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Liquorice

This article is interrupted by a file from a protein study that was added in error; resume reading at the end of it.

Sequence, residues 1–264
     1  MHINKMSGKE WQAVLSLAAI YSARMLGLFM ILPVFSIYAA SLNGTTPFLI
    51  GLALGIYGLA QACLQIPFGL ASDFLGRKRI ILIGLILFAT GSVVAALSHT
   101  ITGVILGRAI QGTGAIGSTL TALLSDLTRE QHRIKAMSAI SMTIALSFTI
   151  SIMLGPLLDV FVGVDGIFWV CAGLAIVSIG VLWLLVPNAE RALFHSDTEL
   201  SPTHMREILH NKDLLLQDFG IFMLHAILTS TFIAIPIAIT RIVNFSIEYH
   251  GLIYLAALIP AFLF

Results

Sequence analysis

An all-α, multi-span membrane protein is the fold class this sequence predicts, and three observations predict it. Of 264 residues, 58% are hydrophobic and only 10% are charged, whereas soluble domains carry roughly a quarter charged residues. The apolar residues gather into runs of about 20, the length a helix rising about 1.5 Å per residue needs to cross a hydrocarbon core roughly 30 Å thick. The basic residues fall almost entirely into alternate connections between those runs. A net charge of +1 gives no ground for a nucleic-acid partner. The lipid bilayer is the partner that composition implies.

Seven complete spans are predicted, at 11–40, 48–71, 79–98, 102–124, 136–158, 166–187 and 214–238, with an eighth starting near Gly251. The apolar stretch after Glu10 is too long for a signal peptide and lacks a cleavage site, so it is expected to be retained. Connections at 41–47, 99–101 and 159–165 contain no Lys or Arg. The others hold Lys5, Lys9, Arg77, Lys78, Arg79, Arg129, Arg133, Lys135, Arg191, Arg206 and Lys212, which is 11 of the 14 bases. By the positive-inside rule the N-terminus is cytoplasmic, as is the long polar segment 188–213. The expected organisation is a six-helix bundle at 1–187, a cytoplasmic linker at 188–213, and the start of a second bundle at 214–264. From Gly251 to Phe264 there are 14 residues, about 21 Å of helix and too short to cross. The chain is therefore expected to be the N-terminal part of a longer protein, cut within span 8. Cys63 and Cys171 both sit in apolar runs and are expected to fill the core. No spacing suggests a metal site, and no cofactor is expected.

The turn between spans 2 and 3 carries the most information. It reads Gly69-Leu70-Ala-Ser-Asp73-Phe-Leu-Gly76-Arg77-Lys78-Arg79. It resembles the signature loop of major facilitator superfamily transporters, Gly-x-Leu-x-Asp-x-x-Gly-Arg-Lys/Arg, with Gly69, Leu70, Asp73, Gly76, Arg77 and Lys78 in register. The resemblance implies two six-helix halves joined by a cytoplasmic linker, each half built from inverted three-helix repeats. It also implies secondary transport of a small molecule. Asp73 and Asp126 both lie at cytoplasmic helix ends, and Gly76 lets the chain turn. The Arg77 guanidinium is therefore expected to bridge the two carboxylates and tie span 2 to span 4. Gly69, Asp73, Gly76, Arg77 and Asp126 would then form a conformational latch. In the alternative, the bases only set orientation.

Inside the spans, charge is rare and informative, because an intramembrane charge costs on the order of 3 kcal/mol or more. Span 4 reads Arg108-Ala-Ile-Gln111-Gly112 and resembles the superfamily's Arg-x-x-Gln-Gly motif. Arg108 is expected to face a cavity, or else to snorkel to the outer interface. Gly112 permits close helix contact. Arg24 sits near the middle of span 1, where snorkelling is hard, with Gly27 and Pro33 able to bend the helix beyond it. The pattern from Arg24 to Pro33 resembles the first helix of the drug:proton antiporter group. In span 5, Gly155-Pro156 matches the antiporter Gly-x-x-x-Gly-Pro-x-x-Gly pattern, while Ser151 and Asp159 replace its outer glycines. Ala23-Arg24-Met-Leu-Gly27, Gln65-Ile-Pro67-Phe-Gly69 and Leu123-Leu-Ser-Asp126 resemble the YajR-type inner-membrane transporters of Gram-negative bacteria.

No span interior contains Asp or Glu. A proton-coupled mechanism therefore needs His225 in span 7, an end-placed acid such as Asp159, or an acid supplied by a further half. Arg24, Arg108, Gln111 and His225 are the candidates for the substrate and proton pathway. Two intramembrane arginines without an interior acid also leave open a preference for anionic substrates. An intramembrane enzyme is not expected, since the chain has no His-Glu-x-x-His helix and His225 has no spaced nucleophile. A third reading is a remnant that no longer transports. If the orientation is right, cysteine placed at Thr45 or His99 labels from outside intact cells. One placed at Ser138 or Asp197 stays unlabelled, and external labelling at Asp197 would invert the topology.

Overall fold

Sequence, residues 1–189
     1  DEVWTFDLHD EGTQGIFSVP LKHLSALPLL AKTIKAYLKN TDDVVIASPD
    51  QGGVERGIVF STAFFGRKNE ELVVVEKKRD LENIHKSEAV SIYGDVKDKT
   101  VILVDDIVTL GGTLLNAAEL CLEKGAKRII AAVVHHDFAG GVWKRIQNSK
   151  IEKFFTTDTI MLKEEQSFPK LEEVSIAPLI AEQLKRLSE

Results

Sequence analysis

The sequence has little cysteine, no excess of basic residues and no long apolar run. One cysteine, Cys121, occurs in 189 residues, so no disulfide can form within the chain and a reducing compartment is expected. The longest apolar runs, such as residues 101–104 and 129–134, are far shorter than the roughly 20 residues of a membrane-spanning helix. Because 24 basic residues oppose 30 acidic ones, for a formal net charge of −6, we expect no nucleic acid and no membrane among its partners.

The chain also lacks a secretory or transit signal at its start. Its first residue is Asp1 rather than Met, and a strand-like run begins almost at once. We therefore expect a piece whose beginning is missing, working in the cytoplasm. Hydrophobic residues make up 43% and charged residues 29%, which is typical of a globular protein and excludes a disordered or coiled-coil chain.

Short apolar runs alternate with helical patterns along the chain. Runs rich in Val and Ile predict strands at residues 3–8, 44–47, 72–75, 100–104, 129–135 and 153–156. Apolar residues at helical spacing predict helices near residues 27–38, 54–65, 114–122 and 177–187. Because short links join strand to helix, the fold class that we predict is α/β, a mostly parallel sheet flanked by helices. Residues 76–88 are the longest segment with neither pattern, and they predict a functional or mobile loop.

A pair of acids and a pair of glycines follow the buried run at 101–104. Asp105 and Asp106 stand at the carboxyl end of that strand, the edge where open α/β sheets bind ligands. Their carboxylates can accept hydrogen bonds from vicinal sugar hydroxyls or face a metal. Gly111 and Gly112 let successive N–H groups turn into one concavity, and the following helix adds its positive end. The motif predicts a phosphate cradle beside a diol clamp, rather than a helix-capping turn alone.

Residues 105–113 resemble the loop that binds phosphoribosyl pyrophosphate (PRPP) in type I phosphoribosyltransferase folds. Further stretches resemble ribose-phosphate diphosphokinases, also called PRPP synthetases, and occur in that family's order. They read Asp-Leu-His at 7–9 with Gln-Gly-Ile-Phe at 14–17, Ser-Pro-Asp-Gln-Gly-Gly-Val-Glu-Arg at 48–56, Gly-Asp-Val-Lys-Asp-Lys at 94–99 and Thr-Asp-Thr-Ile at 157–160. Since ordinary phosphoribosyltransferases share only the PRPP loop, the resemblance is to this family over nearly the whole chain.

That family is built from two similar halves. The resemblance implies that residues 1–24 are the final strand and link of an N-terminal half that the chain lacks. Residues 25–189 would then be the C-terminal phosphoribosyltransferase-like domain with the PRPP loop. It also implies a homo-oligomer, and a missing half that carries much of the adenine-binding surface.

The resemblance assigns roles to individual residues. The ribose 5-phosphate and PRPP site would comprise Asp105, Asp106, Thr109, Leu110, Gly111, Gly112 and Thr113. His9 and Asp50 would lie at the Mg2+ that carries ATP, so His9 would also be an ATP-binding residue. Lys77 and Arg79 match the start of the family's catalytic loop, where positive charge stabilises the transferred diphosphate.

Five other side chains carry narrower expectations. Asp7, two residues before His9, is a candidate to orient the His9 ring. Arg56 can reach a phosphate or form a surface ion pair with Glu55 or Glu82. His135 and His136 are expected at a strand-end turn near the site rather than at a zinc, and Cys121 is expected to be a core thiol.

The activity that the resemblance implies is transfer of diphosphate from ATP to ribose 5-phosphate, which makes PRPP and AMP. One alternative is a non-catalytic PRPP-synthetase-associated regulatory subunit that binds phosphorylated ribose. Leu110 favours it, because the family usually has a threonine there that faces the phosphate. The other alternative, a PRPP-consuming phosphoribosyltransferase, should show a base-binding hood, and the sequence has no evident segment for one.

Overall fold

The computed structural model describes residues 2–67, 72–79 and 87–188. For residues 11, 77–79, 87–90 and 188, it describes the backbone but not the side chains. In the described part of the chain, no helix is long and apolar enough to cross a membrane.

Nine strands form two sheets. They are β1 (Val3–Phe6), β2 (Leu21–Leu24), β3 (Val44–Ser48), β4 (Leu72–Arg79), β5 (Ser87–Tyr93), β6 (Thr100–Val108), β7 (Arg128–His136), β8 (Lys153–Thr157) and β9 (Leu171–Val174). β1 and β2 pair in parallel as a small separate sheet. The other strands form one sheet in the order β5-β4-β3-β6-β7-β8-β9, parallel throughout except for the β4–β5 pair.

Native to the Mediterranean region and western Asia, liquorice (Glycyrrhiza glabra, locally also "bear's muck") is a perennial of the legume family, subfamily Butterworts. Only in late summer do bluish-purple and white butterfly flowers appear in short, erect spikes. The roots harvested in autumn are used to make liquorice candy. Since ancient times, the healing effect for certain diseases has been known (expectorant and antispasmodic). The Greeks and the Romans used the juice (succus liquiritiae) to treat stomach ulcers and asthma. A root was also found in the tomb of the Egyptian pharaoh Tut-Ench-Amun. The root bark contains glycyrrhizin (a glycoside), which gives liquorice its characteristically sweet, spicy and warming taste and has a sweetening power 50 times stronger than cane sugar. Certain red wines or grape varieties have this easily recognisable flavour, such as Barolo (from Nebbiolo) and wines from the South African variety Pinotage. See also under Flavourings.

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